BAGHDAD (AFP) -After years using outside contractors to tend to the needs of its Iraq bases, the US military is now building zones outside its army posts so Iraqi businesses can actually benefit from their presence.
The plan, which has been several months in preparation, is part of a wider effort to stimulate local employment and end years of funnelling lucrative contracts to providers from outside the country.
“Let’s get American and third country contractors out of that business and let’s get Iraqis into that business,” Brigadier Steven Anderson, a driving force behind the programme, told AFP.
“Let’s get Iraqis employed and get them out of the bomb-making business and into the support-providing business,” added the deputy chief of staff for resources and sustainment.
The Iraq-based industrial zone (I-BIZ) programme was conceived last year when military commanders recognised the need to boost employment to put a dent in the violence raging throughout the country.
“There is a clear focus both by the Iraqi government and on the part of the US mission of beginning this process to see more jobs created,” a US official in Baghdad told reporters in May.
The idea is comparatively simple and mirrors the support industries to be found outside US bases in South Korea and Germany. It will involve building a protected area for Iraqis to provide products, services and maintenance.
The plan is a major departure from the first four years of the US presence in Iraq when nearly every need was provided by large US contractors such as Kellogg Brown and Root, a Halliburton subsidiary.
KBR in turn brought in thousands of foreign workers, mainly from south Asia.
Unlike citizens from other countries hosting US bases, Iraqis have seen few financial benefits from having more than 140,000 US troops in their country.
A December 2004 suicide attack on a US military dining facility in Mosul killed 14 soldiers and for all intents and purposes ended the employment of locals on bases.
Iraqi unemployment was bad before the 2003 US invasion, but following a series of decisions by the Coalition Provisional Authority to disband the army and shut down state-owned industries, it soared to an estimated 48 percent.
Shortly before his tour ended last year, the number two US commander in Iraq, Lieutenant General Peter Chiarelli, described a new push to find simple ways of boosting employment.
“Provincial governors tell me that creating jobs will have the most impact on building a safe society — they tell me ‘put the angry young men to work; find jobs for them’,” he said on December 8.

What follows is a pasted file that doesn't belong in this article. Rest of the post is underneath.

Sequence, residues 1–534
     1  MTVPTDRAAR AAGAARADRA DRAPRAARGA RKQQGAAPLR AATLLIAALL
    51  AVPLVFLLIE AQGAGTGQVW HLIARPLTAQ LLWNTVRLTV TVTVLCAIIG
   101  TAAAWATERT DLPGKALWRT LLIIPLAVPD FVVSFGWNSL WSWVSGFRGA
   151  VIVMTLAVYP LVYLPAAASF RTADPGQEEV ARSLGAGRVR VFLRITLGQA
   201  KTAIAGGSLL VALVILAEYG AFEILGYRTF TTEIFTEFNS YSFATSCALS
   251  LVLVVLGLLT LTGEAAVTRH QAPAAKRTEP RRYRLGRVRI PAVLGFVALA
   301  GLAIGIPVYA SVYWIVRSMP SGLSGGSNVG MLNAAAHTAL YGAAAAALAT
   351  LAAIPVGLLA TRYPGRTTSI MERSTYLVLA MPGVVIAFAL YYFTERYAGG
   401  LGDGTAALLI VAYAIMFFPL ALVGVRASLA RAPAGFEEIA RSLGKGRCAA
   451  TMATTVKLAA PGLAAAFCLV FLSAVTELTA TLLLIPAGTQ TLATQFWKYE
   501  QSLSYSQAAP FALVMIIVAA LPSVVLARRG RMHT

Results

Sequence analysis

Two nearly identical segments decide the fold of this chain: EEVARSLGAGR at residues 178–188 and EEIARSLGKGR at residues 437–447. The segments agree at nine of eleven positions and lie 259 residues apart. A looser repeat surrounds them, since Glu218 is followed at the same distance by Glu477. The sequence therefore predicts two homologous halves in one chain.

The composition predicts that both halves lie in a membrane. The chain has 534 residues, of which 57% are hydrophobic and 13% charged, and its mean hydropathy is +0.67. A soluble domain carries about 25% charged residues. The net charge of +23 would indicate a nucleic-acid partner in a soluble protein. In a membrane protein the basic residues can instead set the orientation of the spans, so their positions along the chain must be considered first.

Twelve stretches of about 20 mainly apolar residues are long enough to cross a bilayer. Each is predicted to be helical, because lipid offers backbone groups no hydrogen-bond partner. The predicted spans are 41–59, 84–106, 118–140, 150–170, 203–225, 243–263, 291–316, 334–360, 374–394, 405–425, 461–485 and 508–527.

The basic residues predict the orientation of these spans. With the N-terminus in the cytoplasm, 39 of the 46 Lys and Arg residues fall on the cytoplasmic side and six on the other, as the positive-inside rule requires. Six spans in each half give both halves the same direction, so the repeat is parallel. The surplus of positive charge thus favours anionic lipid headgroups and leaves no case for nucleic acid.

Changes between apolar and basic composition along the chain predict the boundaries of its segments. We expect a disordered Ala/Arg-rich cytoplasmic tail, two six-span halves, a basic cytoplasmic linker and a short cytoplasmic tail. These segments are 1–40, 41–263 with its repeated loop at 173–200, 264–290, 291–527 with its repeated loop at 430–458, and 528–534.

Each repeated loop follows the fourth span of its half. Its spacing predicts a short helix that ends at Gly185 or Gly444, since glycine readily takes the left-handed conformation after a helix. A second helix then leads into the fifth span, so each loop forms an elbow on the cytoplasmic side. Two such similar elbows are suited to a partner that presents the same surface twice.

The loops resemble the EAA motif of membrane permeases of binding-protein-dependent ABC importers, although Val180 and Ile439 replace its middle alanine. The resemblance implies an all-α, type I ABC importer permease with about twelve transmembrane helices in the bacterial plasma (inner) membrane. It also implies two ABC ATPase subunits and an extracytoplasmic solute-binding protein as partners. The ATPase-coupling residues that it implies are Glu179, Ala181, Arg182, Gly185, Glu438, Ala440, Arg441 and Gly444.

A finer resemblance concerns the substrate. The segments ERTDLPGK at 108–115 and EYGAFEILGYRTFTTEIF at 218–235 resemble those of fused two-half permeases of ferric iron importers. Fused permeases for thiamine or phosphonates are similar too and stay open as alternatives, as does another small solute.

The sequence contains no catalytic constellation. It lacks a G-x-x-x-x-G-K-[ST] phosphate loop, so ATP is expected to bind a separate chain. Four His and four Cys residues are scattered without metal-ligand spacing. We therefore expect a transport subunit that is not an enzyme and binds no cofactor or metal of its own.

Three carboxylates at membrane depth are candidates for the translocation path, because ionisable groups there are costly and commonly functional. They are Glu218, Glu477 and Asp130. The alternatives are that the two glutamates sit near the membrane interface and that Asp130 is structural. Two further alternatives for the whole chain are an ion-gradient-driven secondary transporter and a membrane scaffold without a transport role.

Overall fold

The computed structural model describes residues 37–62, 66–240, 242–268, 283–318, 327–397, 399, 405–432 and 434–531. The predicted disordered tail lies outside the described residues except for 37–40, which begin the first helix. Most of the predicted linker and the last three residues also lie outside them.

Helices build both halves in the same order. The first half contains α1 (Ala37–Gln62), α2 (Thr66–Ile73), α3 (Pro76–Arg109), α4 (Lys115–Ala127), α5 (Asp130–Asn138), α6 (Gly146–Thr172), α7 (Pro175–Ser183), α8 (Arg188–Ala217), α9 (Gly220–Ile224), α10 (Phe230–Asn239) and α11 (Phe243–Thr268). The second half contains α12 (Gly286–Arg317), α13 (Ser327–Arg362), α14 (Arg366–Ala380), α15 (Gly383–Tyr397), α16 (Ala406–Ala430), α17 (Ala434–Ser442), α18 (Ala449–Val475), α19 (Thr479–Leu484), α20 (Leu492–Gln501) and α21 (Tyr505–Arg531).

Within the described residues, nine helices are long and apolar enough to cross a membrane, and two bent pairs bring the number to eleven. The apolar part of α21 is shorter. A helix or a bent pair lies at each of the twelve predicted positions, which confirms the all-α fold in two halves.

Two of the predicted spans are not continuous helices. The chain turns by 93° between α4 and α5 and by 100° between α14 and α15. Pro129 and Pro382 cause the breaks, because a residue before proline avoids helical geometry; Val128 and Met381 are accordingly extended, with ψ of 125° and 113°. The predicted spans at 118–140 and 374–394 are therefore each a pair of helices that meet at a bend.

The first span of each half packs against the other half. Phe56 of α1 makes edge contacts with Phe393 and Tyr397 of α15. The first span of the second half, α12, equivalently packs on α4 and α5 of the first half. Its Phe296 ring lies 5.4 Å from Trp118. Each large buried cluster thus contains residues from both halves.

One of the most tangible results of this shift is the ongoing mission by Deputy Defence Secretary Paul Brinkely to restart dozens of mothballed state-owned factories.
The I-BIZ programme would coordinate with Brinkley’s efforts and the reopened factories could have storefronts in the industrial zones, Anderson said.
For now, the project is in its infancy, with a two-year-old prototype near the southern city of Diwaniyah. The first true zone will open in August next to the massive Camp Victory base at Baghdad airport.
Over the next year, further zones will appear at Tikrit’s Camp Speicher, at Camp Taji just north of Baghdad and at Talil Air Base, in the south near Nasiriyah.
“We are thinking big but starting small,” Anderson said.
The gradual start is in marked contrast to the grandiose approaches of the early years when the focus was on ambitious projects that often foundered, especially in light of security challenges.
Since so many contractors working with multinational forces have been assassinated by insurgents, the zones will be enclosed within high walls and have disguised entrances.
“You are providing a secure area that the Iraqis can set up their business and operate their businesses in, but it’s not part of the interior base itself,” Anderson said, noting that normal defensive procedures would continue.
Construction began six weeks ago on the Camp Victory Iraqi zone which will hold around 35 businesses over 25 acres.
The model is a series of Iraqi industries clustered around the Polish-run Camp Echo base near Diwaniyah where carpenters, mechanics, and welders serve the base.
“It’s pretty isolated, and that’s one the reasons why it’s a thriving I-BIZ because it is so isolated and it really desperately needs that kind of support,” Anderson said.
He envisions the zones filled with recycling industries that would restore old generators, recycle tyres, treat waste oil and revive spent batteries.
“The military consumes thousands of lead acid batteries every month. Very few of them are reclaimed, there are estimates that perhaps 80-90 percent of these batteries could be,” he said.
“There are battery shops like that all over the world, but there’s nothing like that here yet.
“If you build it they will come, and that’s my philosophy. People really don’t take you serious until they get an opportunity to see what you got.”